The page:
SEO Keyword Research
As a company that provides SEO services, we always recommending getting started by brainstorming a list of keywords that you want to rank for. Take the time to write down your keywords. Then, check each keyword in Google to determine the search volume and cost per click (CPC) for each keyword. Below you will find examples of keywords related to the keyword “tummy tuck.”
To find the most searched terms, click on the Avg. monthly searches column. This will show you the keywords that are searched the most from highest to lowest. It will, however, also show you keywords that are not necessarily relevant to your main search term. To tighten your list of keywords, click on Keywords to include and type in the keyword “tummy.” This will ensure that all of the keywords in your list include the keyword “tummy” to maximize the relevance of the related search terms.
You can add one or two of your main keywords to remove all of the non-relevant keywords. You will now notice below that all of the keywords that appear include the keyword “tummy,” since we added it in Keywords to include.
It’s important to keep in mind that Google’s Keyword Planner tool does not show completely accurate data. The key with using the tool is to get some perspective and approximates of what you can expect.
A second way to find search terms is to use Google’s browser by typing in the keywords that you want to go after. For example, if we type in the keyword “tummy tuck,” you will see a drop down of the related keywords below that will be slightly different than the keywords that you see in Google’s Keyword Planner tool.
To take it a step further, if you add a space before, in the middle, or at the end of the phrase, you will see how the suggested terms change as you can see below.
Add an asterisk before the keyword and you will get more variations as you can see below.
Add an “a” before, in the middle, or at the end of a phrase and you will see additional keywords.
Add an ‘a’ before, in the middle and at the end of the phrase with a space and you will see more keywords.
You also want to note the related search terms at the bottom of a search query. Here, you will find a great list of relevant keywords.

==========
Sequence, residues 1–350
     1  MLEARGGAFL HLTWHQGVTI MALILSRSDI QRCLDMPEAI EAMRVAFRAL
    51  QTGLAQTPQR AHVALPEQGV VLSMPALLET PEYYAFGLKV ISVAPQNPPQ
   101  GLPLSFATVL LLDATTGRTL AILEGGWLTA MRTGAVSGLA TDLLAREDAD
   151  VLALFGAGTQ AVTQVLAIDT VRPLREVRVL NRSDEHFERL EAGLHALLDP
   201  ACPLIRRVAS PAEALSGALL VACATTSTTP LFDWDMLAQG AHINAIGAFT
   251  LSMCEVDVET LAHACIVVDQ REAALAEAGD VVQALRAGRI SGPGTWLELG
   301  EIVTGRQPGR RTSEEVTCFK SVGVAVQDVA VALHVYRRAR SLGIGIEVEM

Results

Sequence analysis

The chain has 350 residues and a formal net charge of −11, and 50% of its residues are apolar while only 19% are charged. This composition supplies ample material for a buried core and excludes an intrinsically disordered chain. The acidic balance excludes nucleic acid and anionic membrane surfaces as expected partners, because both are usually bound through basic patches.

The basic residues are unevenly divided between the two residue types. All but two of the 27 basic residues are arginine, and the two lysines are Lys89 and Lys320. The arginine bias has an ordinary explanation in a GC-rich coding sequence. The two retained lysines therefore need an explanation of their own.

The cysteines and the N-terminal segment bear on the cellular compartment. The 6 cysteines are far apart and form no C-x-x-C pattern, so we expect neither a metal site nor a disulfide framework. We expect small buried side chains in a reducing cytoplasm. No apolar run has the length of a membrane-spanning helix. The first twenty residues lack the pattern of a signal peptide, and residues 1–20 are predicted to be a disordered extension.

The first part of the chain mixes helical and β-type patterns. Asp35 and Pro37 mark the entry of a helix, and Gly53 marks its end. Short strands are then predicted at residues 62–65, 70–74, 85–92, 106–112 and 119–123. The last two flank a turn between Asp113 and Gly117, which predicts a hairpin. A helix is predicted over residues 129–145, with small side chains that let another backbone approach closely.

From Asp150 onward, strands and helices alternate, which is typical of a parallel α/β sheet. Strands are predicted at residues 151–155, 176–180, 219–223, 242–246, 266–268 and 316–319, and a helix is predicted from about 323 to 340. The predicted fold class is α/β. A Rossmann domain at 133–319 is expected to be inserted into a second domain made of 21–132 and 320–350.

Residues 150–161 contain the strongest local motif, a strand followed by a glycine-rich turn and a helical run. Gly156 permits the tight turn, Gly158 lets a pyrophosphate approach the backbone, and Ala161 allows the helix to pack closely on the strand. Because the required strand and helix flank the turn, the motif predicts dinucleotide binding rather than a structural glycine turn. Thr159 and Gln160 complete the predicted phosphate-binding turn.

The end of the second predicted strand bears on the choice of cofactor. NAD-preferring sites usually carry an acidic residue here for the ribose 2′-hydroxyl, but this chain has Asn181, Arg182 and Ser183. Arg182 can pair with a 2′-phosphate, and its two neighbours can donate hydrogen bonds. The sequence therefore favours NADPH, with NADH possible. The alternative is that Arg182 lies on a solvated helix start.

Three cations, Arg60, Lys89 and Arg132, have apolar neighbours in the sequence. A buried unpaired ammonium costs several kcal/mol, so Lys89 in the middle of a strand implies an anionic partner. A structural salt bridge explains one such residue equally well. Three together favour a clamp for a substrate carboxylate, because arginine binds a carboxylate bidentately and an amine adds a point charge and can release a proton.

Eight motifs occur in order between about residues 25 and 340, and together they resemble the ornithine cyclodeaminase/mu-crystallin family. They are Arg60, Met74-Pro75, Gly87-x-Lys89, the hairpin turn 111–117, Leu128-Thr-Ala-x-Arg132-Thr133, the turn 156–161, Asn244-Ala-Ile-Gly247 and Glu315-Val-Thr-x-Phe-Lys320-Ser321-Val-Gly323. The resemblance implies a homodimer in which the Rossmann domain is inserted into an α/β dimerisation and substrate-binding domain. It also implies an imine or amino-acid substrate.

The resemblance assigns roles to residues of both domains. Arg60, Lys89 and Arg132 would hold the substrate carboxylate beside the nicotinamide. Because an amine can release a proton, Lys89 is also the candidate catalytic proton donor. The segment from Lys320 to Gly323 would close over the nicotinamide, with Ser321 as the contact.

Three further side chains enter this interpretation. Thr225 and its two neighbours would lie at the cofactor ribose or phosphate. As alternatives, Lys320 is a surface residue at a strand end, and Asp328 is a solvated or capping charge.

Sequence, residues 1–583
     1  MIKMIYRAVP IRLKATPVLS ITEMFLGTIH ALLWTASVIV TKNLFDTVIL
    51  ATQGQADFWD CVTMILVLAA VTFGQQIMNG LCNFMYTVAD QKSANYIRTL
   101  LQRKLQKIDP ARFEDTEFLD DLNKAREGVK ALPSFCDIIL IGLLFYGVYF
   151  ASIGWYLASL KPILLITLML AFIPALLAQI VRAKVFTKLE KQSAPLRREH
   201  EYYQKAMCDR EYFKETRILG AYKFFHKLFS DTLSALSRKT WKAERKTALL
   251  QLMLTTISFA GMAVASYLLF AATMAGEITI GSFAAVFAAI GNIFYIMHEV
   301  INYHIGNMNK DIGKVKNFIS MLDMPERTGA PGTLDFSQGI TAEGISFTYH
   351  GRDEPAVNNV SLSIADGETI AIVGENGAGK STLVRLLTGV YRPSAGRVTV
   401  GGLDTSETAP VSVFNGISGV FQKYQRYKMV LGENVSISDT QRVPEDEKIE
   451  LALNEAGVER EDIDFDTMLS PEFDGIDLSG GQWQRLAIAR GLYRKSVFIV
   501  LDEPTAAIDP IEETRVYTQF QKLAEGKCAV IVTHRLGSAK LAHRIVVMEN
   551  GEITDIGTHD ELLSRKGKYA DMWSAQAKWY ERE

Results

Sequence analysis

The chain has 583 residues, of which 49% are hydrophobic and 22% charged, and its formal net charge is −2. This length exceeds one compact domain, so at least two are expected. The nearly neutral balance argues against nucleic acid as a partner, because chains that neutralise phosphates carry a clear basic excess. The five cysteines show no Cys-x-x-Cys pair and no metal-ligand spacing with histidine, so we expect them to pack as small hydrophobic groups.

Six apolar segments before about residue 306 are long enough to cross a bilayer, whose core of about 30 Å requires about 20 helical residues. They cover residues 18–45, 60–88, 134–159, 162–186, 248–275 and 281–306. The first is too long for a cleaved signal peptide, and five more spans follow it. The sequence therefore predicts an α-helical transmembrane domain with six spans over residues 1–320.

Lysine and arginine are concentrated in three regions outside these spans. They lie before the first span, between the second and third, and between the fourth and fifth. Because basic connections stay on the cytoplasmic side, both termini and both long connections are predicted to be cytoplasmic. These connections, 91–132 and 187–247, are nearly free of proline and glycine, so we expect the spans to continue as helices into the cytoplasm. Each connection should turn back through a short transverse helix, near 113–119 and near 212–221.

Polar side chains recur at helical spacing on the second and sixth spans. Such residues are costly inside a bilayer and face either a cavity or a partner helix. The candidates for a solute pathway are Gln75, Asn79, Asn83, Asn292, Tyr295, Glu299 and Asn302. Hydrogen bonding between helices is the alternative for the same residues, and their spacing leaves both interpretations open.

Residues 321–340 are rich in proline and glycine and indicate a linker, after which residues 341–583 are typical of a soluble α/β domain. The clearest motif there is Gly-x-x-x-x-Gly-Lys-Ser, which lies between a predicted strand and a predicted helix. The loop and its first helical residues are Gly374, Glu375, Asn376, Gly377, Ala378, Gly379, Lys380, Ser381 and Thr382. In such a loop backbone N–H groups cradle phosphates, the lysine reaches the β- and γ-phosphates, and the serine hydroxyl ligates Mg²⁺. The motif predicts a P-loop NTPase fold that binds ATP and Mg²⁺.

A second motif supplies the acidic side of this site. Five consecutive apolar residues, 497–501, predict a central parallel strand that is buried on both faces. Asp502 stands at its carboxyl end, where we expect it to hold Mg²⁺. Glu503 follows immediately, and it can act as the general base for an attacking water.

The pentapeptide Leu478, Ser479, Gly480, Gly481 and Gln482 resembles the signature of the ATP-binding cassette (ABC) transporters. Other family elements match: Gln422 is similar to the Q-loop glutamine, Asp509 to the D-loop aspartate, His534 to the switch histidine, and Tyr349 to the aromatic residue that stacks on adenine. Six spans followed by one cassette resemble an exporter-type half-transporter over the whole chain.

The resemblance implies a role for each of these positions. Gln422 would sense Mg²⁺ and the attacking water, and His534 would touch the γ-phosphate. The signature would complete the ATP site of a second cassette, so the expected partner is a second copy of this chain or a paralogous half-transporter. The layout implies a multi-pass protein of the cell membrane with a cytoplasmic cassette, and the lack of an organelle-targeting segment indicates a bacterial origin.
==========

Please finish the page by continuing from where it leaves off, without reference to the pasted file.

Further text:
Other places to find keywords are in forums, questions in Amazon products, as well as Yahoo answers. Make note of all the possible phrases used. Below you will find an example of some of the questions people are asking in Yahoo Answers.
At this point, you should have a sizeable list of keywords that you can check in Google’s Keyword Planner tool to review approximate search volumes and how competitive the keywords are based on the cost per click.
Often the intent behind a phrase used is relevant to where the person is in the buying cycle and this is reflected in both the Competition column, as well as the Suggested bid column in Google Adwords. The bottom line here is the more intent there is, the higher the cost per click because these keywords typically convert to sale at a higher rate.
While the cost per click is higher, it’s considered a positive indication. These keywords are worth testing as part of a pay per click campaign to determine what your cost per sale will be. If you have a great enough margin between what you pay per sale compared to what you sell your product or service for, it may be a viable lead channel for you.
Below you will find the search results for the general keyword “tummy tuck.” You will notice that there are no ads on the right hand side of the search results. Typically, a keyword with buyer intent will have a lot of advertising because the keyword has a higher probability of converting into a sale. This is a simple way of verifying if a keyword is worth going after for both SEO and PPC.
If the city, service, place, or specialty is added to the keyword, there is more buyer intent. You will notice that this keyword has more ads, which shows that the competition understands that this keyword is more valuable to their business in driving sales.
Not only do you want to consider the buyer intent, but you also want to look at what the phrase is asking before you decide where to use it on your site. Some keyword phrases are a question while some are more suited as a subsection of a main page. We typically recommend developing questions as blog posts that are linked to the main page.
Now that you have a good understanding of the keywords that you want to go after on you’re your site and blog, look at the results of the search terms to determine if you can actually rank for your keywords. At times, you will notice that it may be too difficult to rank well for your keywords. Using the MOZ Chrome toolbar, you can get an idea of the strength of the competition. As you can see below, the page authority (PA) and domain authority (DA) of the top three competitors for the keyword “tummy tuck” is low, which means there is a good chance of competing for this keyword.
One last place to look if you are not sure about a phrase is in Google Trends to double check how your search term is trending over time. While it looks like the search term is dropping below, you have to consider that people want to look their best during the summer months and factor in seasonality.
Take the time to go through the list of phrases that have good search volume, the right intent and high competition in PPC. Then, check the search volume and cost per click on Google’s Keyword Planner tool. For a better understanding of the real search volume and the cost per click, run a short PPC campaign in Google Adwords. You’ll quickly see which keywords are performing best, which ones are converting into leads and sales, as well as additional keywords you should go after.
Once you have an idea of the keywords you want to go after, outline the architecture of your Website from the most important keywords to the least important. You want to outline a short-term and a long-term structure for your Website and blog.